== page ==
There will be areas of high crime, and these areas will increase their use of the informal economy even while other areas reduce it.
Although systems for environmental monitoring will improve, this will not translate into a high degree of on-the-ground resilience.
In the fourth scenario, the industry will use ICT goods and services from other countries and improves productivity across all sectors.
Digital adoption across all industry sectors will be high, and this will have a positive impacts on labour productivity.
Industrial transformation will be broad but expensive due to the import of technologies and platforms.
In exports, productivity will increase but there will be a limited change in market composition
Investment in ICT hardware manufacturing will grow and 90 per cent of factories and logistics processes will be automated.
The ICT sector will grow, but there will also be growth in other sectors to match it. The ICT industry will remain centred on hardware manufacturing rather than new products or software.
Most of the technologies used to improve labour and productivity and modernise industry will be imported. This means Việt Nam will have only second-mover advantage, saving some costs associated with ICT development but paying external companies more for their services over the longer term.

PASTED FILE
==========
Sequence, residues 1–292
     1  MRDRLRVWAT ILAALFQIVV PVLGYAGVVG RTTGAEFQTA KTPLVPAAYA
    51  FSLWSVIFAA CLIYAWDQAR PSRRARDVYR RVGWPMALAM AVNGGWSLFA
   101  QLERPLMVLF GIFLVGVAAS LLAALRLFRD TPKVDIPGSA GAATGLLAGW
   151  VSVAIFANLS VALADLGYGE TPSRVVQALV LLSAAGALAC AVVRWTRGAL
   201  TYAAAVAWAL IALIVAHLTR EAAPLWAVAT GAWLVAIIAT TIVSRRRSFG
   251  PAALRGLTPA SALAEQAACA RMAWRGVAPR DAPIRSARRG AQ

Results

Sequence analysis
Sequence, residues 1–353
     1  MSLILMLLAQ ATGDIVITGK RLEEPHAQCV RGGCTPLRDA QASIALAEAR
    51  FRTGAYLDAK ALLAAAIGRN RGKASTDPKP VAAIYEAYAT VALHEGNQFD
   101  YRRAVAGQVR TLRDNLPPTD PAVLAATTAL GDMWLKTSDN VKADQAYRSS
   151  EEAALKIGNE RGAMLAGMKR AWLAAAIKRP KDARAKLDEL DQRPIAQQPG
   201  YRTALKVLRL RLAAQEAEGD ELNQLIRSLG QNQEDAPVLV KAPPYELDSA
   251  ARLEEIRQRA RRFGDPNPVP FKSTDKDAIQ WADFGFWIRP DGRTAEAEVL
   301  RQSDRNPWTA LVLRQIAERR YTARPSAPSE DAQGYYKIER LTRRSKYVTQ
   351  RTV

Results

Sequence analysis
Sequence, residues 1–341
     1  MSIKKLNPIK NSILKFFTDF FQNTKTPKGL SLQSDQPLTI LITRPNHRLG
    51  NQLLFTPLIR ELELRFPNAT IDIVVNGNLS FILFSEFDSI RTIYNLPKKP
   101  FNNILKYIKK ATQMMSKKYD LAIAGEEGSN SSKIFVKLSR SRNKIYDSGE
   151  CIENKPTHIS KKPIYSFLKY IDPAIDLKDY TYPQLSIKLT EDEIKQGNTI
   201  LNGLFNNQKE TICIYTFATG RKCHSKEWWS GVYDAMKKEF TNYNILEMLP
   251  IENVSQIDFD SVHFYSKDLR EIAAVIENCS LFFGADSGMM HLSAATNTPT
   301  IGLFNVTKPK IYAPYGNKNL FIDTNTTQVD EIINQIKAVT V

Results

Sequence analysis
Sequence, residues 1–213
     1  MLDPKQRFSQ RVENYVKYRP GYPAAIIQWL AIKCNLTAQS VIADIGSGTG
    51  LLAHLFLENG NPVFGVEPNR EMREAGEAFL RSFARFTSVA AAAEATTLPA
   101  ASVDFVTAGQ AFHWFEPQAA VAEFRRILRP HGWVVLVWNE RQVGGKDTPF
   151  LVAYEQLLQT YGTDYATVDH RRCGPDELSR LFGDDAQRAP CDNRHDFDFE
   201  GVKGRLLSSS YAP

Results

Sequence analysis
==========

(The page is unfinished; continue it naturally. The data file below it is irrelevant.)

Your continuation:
Using only external products, services and platforms will also mean that other countries collect and analyse a lot of data on Vietnamese businesses and citizens.
Innovation will be focused on modernising industry. Industry incentives like grants for smart specialisation, tax breaks, guidelines on FDI, and innovation rewards will create rapid change, first in manufacturing then in agriculture.
Investment in a national innovation system will focus heavily on industry partnerships and the adoption rather than the development of new technologies.
There will be co-ordinated roll-outs of 5G and IoT networks and this will result in the development of smart city infrastructure and use of sensor networks across much of the country.
Life in urban areas will change significantly with the use of smart city infrastructure and the introduction of AI to monitor and control everything from waste collection and traffic flows to emergency response units and crime.
The programme is being carried by the Ministry of Science and Technology and Australian Data 61 under the Australian Embassy’s Aus-4Innovation programme.
It was started in January 2018 and will finish next March. — VNS